Openings: Evelyn Taocheng Wang|Karen Archey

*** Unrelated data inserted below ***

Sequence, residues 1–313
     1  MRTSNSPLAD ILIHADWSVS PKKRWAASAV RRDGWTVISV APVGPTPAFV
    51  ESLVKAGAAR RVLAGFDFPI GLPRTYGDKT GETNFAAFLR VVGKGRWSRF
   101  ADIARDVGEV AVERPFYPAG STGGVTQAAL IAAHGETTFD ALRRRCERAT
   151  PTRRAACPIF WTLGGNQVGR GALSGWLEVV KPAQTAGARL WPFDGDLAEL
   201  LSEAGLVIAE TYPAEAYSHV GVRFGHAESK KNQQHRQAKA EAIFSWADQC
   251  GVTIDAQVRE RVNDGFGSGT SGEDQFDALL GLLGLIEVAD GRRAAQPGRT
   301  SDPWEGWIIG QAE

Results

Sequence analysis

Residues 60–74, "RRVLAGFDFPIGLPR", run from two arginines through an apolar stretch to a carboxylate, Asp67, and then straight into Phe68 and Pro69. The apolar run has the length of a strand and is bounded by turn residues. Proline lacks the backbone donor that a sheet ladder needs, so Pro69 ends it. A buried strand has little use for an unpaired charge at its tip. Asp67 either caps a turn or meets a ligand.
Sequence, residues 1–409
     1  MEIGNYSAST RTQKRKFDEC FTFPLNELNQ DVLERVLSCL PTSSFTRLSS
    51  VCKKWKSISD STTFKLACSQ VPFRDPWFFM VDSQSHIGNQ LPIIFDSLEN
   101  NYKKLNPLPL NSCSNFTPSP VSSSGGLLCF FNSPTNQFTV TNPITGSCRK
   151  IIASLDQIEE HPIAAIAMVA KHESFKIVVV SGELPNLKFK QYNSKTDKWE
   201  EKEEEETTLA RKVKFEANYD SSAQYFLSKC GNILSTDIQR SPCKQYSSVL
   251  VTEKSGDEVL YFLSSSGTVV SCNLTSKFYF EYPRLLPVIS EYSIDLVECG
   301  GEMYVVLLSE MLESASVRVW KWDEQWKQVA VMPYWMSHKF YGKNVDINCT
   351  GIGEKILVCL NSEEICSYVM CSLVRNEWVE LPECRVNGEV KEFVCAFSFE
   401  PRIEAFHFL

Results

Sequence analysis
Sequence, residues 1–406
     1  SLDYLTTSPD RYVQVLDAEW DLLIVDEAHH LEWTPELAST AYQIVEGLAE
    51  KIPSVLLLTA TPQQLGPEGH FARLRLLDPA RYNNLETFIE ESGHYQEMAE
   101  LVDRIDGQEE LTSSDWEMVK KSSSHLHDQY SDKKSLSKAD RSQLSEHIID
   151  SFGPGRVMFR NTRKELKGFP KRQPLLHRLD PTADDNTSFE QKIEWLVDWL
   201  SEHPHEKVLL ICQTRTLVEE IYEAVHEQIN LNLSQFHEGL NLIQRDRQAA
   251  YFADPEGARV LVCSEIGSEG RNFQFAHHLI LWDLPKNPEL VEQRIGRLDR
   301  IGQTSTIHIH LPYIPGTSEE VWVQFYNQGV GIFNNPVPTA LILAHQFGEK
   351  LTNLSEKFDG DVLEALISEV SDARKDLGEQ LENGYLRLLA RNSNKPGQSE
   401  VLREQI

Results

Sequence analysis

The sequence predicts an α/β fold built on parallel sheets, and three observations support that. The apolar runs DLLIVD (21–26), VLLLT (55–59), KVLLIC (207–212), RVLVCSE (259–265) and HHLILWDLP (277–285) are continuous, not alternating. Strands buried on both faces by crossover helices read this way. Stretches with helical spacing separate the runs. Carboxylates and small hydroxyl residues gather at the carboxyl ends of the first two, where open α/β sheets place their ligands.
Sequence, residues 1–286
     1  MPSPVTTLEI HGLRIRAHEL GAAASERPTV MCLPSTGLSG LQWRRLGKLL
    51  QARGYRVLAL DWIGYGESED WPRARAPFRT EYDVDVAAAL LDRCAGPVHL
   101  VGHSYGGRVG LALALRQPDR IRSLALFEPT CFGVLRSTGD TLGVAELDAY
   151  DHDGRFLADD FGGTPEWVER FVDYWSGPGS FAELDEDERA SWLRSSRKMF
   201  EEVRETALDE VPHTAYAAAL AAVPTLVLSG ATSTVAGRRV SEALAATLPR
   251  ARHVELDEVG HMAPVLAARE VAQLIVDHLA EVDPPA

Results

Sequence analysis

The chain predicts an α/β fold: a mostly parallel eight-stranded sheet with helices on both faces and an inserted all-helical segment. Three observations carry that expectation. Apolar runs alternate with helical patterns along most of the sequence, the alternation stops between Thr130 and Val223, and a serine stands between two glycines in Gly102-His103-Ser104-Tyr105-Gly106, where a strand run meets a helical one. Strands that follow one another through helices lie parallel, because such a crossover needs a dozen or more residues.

THERE IS NO ONE THING that we could call the “immigrant experience,” but certainly everyone who has immigrated is familiar with how mundane misunderstandings can reveal cultural tectonics, of how humor can sometimes be mobilized to leaven pain. What’s the correct time of day to introduce yourself to a new neighbor? How earnestly should you respond to the question “How are you?” Will you come off as suspicious to the neighbors if your curtains remain drawn? The answers to these questions might seem relative or merely dependent on personal proclivity, yet one’s approach to these everyday situations constitutes, in part, the je ne sais quoi of national belonging. And while learning a new culture can be refined into a science, other qualities will still mark us as different, factors comprising who we are, where we come from, and our appearance.

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